- The US yield curve is flattening, driven by ongoing rate hikes from the US Federal Reserve.
- The current spread between US 2 and 10-year bond yields is around 40 basis points, and could turn negative in the not-too-distant future. When this has occurred in the past, it’s almost always signalled that a recession will soon follow.
- Westpac has evaluated whether the signals from US yield curve have been altered by QE from major central banks.
The US yield curve is flattening, driven by ongoing rate hikes from the US Federal Reserve.
The current spread, or difference, between US 2 and 10-year bond yields is now around 40 basis points, more than 200 basis points below the level it sat in early 2014.
As the Fed continues to lift its funds rate, the differential between short and longer-dated US bond yields is expected to narrow further, and potentially turn negative.
In the past, that’s almost always signaled that a US recession is just around the corner.
So understandably, it has some people nervous.
However, in an era where major central banks are still supporting economic growth with vast asset purchase programs — more commonly known as “QE” — is the flattening of the US yield curve really suggesting that a recession is imminent?
For want of a better way to put it, this era of global monetary policy settings, as opposed to prior periods when the US yield curve has been flattening, is different.
Central banks such as the European Central Bank and Bank of Japan are still buying tens of billions in government bonds each and every month, sending capital into other markets, including US treasuries.
It begs the question as to what the US yield curve would look like if QE wasn’t being implemented.
Would it be anywhere near as flat as it currently is? And, more importantly, would it be signalling a US economic downturn is approaching?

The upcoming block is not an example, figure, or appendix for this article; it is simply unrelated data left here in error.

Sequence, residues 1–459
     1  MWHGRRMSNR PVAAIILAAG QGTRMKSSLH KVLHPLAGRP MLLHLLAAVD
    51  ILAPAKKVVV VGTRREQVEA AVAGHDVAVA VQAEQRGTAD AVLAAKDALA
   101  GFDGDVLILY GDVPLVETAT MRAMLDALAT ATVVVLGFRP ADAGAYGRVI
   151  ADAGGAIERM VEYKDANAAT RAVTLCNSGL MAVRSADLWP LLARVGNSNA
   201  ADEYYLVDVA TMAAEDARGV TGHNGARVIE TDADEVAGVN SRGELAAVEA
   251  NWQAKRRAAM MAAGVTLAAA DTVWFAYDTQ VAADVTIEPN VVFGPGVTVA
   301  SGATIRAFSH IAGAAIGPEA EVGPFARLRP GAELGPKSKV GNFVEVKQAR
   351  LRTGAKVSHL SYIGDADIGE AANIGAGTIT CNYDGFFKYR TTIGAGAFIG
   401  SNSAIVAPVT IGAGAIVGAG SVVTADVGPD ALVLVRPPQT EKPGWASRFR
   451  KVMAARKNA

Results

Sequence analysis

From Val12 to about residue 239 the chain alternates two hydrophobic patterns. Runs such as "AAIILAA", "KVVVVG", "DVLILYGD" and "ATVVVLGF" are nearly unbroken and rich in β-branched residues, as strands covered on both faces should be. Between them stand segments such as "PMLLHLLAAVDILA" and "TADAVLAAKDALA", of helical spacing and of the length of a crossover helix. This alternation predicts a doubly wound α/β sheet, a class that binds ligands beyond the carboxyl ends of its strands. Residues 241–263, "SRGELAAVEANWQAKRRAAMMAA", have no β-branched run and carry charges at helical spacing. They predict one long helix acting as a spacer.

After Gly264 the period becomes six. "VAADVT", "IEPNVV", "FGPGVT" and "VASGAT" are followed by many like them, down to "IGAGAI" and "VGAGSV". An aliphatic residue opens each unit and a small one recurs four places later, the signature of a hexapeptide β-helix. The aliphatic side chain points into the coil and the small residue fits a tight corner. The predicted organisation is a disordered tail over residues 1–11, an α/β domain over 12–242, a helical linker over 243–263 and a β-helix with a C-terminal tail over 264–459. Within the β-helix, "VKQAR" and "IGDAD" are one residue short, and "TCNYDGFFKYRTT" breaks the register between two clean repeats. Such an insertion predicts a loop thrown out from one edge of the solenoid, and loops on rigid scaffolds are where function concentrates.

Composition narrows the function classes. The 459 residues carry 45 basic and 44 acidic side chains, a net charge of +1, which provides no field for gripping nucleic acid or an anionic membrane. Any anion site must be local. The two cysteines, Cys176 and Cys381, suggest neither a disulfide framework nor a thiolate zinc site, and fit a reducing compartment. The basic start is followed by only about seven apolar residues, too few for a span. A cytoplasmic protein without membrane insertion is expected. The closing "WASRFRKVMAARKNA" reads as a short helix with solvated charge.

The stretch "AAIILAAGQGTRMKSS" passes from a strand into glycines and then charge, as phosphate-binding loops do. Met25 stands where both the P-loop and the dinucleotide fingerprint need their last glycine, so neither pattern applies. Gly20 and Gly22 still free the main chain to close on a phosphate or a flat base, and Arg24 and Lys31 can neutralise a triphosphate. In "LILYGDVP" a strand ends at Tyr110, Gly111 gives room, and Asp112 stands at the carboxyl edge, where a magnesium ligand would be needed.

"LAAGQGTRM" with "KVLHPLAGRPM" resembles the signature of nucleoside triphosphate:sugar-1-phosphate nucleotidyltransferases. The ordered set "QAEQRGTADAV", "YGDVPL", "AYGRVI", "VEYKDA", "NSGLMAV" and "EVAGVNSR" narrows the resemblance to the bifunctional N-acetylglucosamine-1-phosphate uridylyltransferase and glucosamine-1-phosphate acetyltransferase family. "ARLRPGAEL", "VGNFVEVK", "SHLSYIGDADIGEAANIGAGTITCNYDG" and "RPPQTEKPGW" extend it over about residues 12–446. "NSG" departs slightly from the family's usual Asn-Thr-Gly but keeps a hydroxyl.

To answer those questions, David Goodman, Head of Macro Strategy at Westpac Bank, has attempted to show what the spread between US two and 10-year bond yields would look like without the impact of QE.
A world without QE
Using the modelling conducted by the Fed on the effect of QE on the term premium (TP) for US treasuries, the excess return investors demand for holding a longer-term bond as opposed to a shorter-dated equivalent, Goodman presents the chart below showing what the current spread may look like.
While a hypothetical scenario, with term premium not the only consideration in determining bond yields, Goodman says the current spread would likely be significantly wider without the effect of QE.
“[It] shows that the curve is currently some 80 basis points flatter than otherwise — for example, around 120 basis points rather than the current 40 basis points and looking further from a threatening recession signal than a simple examination of the nominal curve suggests,” he says.
“[The] US curve shape has done a commendable job of predicting growth outcomes, with a curve inversion a clear warning.
“However, with QE suppressing yields, do these relationships still hold and does the curve contain the same information it once did?,” Goodman asks.
While no one knows that answer for sure given the unique period of monetary policy we’re now only starting to exit, it does suggest a degree of caution is warranted about the current signals being generated by the US yield curve.
With speculation building that the ECB may soon announce an end date for its asset purchase program, cutting off a source of liquidity that has helped to support asset prices, we may be about to get a clearer picture on what the medium-to-long term future holds.
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